Saturday, March 17, 2012

Porting jQuery Plugins to Zepto: Tips & Tricks

As I've written about it here in the past I've spent a fair amount of time porting jQuery plugins to work with Zepto, a lightweight alternative with a smaller API surface. You can read those posts here and here to see how I ported specific plugins over, but today I thought I'd give a general guide for people taking on the task of porting other plugins over. There are an approximate shit ton of jQuery plugins out there (it was basically the defacto way of creating Javascript UI widgets for the last few years), so I see a lot of porting in our future. Here's the strategy I employ:

  1. Start by setting up your page so you can easily switch between serving jQuery and serving Zepto, and modify the last line of the plugin code to work with either:
    })(window.jQuery || window.Zepto);
  2. Test your code with Zepto, and look for errors in the logs about undefined methods. That means the plugin is using a method that is not in your Zepto.js, and you need to either not use that method or more likely, find a way to define it in your Zepto copy:
    1. Do a CTRL+f on the Zepto docs to see if the method is described there. Sometimes it's defined in the optional files, and you just have to bring those into your copy (like the data() and animate() methods).
    2. Look up the method in the jQuery docs and read the description. Some jQuery methods are very similar to other methods, and can be safely substituted in some situations (like contents() and children().)
    3. Search the Zepto issue tracker to see if other developers have filed an issue about lacking functionality. If they have, they often include a patch or link to a gist which you can copy into your Zepto copy.
    4. Check the jQuery source code (either using this source browser or by CTRL+Fing in the uncompressed source code) to see how they accomplish the functionality, and bring that code into your Zepto copy. Just think carefully about how much of that code you actually need for the modern mobile browsers, and whether there are edge cases you can safely remove.
  3. Once you've gone through the undefined errors, you might think your plugin is good to go — but then you try to use it and it just doesn't do what you expect it to. Don't worry, there's still hope yet! Sometimes a plugin uses an existing jQuery method but uses it with optional arguments or alternative constructors, and that can lead to code behaving differently when run on jQuery versus Zepto. To see if that's happening, place strategic console.log statements around the code, run it with both jQuery and Zepto, and see where variable values differ. When you find a misbehaving area of the code, look carefully at the arguments that the plugin is sending into a method, compare that to what Zepto is accepting (both type and number). If you discover a discrepancy, follow the steps above to supplement your Zepto copy to handle the other method usage.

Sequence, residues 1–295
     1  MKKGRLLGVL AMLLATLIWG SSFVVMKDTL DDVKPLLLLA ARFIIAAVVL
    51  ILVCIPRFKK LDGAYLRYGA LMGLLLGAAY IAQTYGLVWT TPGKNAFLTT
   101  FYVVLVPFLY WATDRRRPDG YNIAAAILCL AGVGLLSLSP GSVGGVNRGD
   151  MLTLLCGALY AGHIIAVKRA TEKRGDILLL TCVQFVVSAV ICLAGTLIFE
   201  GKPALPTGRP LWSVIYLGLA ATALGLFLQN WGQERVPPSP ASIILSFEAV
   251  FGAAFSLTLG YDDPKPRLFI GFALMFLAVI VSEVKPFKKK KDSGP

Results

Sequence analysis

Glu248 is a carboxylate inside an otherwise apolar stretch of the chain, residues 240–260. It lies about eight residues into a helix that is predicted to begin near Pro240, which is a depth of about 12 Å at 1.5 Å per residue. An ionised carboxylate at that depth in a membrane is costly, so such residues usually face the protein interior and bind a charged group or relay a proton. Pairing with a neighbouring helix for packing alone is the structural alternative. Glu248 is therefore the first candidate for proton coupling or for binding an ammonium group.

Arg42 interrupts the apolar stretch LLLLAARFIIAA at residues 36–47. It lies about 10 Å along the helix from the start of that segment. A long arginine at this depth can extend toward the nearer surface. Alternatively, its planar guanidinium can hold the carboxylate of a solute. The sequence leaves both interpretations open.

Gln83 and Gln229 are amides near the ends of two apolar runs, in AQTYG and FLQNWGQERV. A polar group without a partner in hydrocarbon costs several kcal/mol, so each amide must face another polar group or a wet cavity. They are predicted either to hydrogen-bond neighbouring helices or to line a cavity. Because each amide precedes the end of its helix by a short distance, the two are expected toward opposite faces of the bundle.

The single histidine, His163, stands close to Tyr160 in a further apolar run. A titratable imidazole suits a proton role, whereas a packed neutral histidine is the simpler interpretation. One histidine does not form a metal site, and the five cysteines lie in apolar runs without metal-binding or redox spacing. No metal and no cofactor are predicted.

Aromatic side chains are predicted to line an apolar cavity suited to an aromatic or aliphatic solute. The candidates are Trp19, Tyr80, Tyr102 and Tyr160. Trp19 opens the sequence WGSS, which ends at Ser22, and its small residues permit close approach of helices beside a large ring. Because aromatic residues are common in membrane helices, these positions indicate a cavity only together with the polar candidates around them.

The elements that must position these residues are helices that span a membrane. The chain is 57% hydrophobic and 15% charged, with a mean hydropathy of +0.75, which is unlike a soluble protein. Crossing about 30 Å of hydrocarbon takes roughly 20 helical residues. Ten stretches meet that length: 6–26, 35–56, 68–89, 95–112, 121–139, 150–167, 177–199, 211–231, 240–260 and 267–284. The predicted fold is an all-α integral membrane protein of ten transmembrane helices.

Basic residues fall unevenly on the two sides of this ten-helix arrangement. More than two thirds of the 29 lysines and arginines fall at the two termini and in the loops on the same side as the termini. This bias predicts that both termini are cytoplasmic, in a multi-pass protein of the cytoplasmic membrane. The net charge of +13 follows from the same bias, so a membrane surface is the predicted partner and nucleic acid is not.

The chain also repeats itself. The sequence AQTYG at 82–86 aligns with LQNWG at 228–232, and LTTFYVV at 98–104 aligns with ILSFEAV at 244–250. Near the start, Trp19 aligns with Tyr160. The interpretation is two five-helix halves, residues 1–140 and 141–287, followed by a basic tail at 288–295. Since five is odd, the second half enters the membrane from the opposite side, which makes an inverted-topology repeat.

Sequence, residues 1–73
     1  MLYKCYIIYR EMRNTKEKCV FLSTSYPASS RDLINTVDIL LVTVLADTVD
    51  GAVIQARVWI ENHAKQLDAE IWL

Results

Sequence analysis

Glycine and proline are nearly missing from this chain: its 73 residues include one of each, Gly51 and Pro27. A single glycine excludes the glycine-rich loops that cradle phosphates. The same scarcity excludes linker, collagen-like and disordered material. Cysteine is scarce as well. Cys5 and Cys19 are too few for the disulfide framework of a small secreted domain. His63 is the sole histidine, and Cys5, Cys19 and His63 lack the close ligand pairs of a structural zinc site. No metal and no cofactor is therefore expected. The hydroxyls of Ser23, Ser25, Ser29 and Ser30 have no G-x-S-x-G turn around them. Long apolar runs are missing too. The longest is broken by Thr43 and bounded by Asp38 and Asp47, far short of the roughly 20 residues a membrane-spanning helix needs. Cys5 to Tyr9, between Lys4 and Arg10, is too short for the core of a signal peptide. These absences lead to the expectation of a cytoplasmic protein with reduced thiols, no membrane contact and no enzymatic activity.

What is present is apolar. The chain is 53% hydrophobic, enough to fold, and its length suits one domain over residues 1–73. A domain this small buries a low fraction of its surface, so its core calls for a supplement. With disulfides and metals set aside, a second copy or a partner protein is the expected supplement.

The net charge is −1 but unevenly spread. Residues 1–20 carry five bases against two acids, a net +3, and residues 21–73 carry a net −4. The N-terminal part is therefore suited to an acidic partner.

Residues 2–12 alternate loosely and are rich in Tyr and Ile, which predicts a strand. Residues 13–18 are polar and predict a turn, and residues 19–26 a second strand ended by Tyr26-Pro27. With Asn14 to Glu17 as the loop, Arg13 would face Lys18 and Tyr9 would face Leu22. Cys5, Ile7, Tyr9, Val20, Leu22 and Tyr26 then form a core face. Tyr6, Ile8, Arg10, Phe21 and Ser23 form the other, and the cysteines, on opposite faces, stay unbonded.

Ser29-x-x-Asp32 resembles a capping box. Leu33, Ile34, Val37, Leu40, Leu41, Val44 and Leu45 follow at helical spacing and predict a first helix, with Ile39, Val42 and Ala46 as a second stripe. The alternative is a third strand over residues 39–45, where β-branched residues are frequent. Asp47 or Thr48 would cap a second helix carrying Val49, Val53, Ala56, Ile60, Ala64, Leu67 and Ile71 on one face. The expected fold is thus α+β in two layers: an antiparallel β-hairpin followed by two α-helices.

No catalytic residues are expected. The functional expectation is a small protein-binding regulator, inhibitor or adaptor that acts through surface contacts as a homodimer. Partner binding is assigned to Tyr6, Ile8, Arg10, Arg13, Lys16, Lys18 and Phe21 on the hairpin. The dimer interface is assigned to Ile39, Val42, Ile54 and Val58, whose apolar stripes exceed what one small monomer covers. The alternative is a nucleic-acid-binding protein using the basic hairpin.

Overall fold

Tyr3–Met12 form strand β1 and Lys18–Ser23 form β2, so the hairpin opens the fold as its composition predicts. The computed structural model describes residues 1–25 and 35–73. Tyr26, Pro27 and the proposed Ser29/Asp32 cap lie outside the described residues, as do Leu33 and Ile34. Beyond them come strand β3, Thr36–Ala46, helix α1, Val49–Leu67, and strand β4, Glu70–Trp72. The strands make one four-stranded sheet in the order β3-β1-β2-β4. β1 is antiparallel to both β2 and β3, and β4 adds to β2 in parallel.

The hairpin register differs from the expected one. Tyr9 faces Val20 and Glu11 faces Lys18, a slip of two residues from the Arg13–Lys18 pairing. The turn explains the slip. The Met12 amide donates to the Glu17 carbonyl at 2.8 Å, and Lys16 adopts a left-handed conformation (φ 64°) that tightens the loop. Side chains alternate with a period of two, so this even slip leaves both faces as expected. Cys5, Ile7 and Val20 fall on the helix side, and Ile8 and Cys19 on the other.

4. Now that you've hopefully successfully ported a plugin, contribute it back to the community. At the very least, stick it in a gist with "Zepto + PLUGIN-NAME" and tweet it, or even better, write a blog post explaining the changes, and contribute patches to Zepto (of additions) and/or the plugin (of subtractions/simplifications). You may find that the Zepto authors don't want to bloat the library with that functionality, and you might find that a plugin author doesn't care about making their code play nicer with lighter weight jQuery alternatives, but it doesn't hurt to put your patches out there.

And if all else fails (or if porting is just taking too damn long) — find a library that does what you want, but doesn't rely on jQuery. Or write it yourself. Happy porting!

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